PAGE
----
Erik Jaffe, PT1's Policy Director and PRI adjunct fellow in legal studies and one of America’s top constitutional lawyers, joins us for his annual preview of the hot Supreme Court cases that will be handed down before the end of the term. They discuss cases involving private property rights, tech, college admissions policies, legislative gerrymandering, and more. They also explore the controversy over Supreme Court ethics and the mystery of why we still haven’t found the Supreme Court “leaker.”
In an amicus brief before the U.S. Supreme Court earlier this year, Protect The 1st told the Court that curtailing Section 230 of the Communications Decency Act of 1996 “would cripple the free speech and association that the internet currently fosters.” Consistent with that recommendation, the Court today declined various invitations to curtail that law’s important protections for free speech.
Joining with former Sen. Rick Santorum, we demonstrated in our amicus brief that Section 230 – which offers liability protection to computer-services providers that host third-party speech – is essential to enabling focused discussions and keeping the internet from devolving into a meaningless word soup.
“If platforms faced liability for merely organizing and displaying user content in a user-friendly manner, they would likely remove or block controversial – but First Amendment protected – speech from their algorithmic recommendations,” PT1st declared.
We stated that a vibrant, open discussion must include a degree of protection for sponsors of internet conversations. With Congress always able to amend Section 230 if new challenges necessitate a change in policy, there is no need for the Supreme Court to rewrite that law.
The Supreme Court had shown recent interest in reexamining Section 230. That could still happen, but the two cases that were before the Court turned out to be weak vessels for that review. On Thursday, the Court declined to consider reinterpreting this law in Gonzalez v. Google and Twitter v. Taamneh, finding that the underlying complaints were weak. The Court neither expressly affirmed nor rejected our approach, leaving these issues open for another day and another case.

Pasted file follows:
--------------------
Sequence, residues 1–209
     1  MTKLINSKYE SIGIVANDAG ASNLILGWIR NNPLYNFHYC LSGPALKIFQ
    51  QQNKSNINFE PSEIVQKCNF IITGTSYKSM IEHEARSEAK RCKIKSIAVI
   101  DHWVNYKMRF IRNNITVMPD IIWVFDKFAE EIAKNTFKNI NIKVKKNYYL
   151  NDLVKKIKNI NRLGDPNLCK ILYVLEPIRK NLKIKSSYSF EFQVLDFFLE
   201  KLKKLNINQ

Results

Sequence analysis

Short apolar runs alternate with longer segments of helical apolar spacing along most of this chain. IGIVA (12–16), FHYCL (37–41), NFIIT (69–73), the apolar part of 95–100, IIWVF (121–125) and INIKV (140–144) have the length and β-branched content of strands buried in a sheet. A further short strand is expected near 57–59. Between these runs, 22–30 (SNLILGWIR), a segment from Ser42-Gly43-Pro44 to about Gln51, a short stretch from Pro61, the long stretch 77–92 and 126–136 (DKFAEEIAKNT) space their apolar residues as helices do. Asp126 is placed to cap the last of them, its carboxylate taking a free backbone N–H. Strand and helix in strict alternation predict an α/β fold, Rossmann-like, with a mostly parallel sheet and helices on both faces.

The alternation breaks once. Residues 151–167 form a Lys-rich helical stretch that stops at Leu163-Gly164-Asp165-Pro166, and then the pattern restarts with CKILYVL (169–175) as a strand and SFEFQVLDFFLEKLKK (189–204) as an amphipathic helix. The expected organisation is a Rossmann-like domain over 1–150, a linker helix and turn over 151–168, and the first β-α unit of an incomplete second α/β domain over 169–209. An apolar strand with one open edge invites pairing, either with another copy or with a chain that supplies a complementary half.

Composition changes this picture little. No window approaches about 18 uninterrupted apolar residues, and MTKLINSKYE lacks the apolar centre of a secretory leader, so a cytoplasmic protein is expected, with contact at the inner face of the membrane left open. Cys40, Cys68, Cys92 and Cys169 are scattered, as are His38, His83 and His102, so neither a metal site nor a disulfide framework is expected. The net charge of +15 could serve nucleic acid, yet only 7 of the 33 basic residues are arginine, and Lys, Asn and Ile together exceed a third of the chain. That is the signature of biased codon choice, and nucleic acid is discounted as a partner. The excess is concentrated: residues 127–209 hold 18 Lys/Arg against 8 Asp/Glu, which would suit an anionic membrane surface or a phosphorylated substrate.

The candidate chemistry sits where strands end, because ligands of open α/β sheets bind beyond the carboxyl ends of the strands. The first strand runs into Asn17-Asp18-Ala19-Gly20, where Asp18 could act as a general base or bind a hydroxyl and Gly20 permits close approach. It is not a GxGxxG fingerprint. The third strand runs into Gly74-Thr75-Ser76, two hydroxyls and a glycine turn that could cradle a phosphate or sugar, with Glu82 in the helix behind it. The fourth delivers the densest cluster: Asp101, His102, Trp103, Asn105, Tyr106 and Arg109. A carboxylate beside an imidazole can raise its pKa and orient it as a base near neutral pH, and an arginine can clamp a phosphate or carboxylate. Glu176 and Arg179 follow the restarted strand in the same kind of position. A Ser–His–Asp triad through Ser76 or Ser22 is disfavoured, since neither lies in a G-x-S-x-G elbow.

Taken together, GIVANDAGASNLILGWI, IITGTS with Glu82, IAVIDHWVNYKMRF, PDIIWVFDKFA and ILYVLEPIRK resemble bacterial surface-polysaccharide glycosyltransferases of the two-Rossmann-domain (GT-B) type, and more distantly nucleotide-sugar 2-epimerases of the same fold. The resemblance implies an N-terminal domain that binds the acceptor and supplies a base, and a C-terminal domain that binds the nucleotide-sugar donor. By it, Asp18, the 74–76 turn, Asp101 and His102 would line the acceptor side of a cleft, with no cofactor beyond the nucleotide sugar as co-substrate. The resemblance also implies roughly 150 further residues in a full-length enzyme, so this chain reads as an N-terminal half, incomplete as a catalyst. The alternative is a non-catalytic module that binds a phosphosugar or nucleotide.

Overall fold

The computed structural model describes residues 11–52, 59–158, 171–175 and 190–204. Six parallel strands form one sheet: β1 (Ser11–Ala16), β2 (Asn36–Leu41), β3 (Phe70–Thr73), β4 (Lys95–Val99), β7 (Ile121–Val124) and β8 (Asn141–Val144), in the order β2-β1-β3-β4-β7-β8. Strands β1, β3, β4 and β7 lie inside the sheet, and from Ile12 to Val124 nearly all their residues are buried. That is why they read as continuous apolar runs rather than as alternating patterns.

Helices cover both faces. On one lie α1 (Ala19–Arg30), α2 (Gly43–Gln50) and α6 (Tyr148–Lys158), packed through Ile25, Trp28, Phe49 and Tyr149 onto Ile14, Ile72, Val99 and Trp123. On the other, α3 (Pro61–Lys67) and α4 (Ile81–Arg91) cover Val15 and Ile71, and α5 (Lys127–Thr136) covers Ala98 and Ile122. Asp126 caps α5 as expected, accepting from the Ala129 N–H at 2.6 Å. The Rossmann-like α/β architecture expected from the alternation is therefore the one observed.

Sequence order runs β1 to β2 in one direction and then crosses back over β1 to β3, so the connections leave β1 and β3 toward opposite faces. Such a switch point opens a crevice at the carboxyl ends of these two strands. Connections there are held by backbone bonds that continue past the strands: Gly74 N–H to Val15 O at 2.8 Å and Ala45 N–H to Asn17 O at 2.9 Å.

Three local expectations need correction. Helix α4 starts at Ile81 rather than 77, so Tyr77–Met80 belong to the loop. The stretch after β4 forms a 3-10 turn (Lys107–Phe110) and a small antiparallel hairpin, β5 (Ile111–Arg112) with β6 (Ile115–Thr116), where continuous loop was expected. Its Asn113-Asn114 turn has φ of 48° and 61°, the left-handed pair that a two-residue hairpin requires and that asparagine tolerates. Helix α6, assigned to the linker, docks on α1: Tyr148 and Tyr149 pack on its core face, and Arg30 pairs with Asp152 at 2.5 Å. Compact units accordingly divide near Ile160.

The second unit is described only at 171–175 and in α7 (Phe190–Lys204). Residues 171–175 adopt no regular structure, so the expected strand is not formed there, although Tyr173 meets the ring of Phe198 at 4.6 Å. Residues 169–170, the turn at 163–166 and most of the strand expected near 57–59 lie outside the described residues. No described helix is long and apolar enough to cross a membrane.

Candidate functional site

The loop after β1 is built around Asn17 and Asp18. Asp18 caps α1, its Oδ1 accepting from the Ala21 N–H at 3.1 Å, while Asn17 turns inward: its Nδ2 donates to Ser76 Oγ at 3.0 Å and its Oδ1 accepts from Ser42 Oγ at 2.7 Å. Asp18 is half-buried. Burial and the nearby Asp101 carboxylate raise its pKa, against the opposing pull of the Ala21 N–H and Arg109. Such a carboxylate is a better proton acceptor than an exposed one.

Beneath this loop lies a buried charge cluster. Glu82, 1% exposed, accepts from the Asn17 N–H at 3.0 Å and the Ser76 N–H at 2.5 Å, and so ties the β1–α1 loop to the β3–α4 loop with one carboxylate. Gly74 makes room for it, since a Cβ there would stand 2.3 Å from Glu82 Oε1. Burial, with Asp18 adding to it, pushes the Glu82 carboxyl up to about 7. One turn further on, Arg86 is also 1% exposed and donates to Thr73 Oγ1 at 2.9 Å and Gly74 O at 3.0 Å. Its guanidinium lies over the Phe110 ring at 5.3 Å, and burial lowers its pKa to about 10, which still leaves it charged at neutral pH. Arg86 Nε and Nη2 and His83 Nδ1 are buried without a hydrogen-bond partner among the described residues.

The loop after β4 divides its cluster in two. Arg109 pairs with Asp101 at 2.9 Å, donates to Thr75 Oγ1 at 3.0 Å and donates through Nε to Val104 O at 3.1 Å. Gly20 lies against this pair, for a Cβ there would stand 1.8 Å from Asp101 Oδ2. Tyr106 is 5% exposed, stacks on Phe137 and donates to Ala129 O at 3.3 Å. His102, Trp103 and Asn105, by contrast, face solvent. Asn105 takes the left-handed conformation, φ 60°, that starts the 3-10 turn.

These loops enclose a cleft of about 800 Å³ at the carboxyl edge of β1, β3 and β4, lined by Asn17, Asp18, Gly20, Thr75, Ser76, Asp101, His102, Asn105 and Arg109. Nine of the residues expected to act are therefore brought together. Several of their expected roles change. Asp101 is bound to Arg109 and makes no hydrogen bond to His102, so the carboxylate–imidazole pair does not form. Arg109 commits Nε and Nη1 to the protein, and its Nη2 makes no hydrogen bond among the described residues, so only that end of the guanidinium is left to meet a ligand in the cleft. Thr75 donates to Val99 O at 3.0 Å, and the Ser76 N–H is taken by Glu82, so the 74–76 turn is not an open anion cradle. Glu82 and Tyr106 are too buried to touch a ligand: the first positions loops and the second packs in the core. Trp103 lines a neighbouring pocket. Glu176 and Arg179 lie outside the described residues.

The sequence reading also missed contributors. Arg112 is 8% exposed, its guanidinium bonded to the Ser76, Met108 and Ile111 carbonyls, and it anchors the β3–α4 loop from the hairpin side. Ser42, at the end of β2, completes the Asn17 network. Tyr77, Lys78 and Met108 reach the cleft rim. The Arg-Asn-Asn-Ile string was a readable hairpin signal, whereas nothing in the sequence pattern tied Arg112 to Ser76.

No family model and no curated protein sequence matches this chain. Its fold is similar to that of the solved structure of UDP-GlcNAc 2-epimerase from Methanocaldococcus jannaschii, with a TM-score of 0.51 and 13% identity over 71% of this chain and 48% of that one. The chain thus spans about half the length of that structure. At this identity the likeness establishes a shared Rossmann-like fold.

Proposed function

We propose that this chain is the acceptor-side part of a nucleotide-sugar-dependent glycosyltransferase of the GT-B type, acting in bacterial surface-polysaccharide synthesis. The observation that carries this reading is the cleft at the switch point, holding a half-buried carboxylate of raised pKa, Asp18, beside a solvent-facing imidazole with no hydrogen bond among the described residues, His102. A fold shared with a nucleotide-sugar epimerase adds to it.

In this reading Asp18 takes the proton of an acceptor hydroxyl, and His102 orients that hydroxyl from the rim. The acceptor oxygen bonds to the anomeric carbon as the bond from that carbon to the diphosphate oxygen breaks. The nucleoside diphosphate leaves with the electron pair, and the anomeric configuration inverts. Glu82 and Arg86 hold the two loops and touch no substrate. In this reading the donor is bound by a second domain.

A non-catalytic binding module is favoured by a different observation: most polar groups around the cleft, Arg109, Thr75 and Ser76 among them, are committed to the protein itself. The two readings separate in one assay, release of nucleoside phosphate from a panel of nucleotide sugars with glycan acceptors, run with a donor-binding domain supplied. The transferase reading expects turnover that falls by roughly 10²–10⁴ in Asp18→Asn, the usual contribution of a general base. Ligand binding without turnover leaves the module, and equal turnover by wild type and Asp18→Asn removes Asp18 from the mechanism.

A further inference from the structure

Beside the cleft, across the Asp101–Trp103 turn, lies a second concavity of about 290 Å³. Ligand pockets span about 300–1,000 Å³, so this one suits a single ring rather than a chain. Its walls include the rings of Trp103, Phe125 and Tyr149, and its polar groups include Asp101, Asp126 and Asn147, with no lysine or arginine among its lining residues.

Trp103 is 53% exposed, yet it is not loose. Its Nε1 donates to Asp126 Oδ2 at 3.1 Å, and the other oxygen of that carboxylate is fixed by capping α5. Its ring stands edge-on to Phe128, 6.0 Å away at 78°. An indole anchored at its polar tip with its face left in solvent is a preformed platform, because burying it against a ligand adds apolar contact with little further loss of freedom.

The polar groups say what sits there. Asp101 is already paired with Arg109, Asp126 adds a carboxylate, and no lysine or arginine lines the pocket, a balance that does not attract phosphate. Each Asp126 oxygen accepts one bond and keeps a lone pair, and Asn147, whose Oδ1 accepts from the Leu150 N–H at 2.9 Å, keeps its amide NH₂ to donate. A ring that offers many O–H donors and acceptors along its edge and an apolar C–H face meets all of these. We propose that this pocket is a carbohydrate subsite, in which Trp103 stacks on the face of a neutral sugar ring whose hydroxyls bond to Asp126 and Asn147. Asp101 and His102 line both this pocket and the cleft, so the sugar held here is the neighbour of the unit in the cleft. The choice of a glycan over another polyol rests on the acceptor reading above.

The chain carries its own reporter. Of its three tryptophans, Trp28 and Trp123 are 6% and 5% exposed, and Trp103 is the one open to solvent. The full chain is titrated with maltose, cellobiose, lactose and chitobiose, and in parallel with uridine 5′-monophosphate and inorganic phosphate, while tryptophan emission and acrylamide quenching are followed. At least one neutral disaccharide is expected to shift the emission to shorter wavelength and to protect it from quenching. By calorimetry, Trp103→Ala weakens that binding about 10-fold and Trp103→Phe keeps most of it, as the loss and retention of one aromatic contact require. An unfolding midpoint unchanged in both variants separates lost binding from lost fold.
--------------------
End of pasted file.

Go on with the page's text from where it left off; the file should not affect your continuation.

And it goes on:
Protect The 1st will remain vigilant against future challenges to Section 230 that could undermine the freedom of speech online.
Protect the First to SCOTUS: Sidewalk Preacher Case Is an “Excellent Vehicle” to Resolve Public Forum Speech Issue
Protect The 1st on Wednesday filed a reply brief answering claims from the University of Alabama against our petition for the U.S. Supreme Court to hear Keister v. Bell.
We told the court that this case is an “excellent vehicle” to resolve a split in appellate courts on the proper analysis of what constitutes a public forum. The case revolves around the right of evangelist Rodney Keister to stand on city-owned sidewalks on a public street in Tuscaloosa, Alabama, near the University of Alabama. The UA campus police enforced an agreement with the city to clamp down on expressive activity at that portion of the sidewalk, warning Keister not to preach on this portion of a public sidewalk.
At stake is the right of Americans to use public spaces to engage in speech – a practice that was embedded in American life long before colonials handed out Thomas Paine’s Common Sense pamphlets. The Tenth Circuit Court of Appeals, for example, recognizes that “traditional public fora are open for expressive activity regardless of the government intent.” On the other hand, the Eleventh Circuit ruled against Keister with a multifactor balancing test and allowed the University to forbid expressive activity on the sidewalk.
Protect The 1st wrote: “Even assuming the propriety of a balancing test, the Eleventh Circuit’s circular reliance on the University’s intent to suppress speech was an improper fulcrum for converting the most quintessential of traditional public fora into a limited forum allowing suppression.”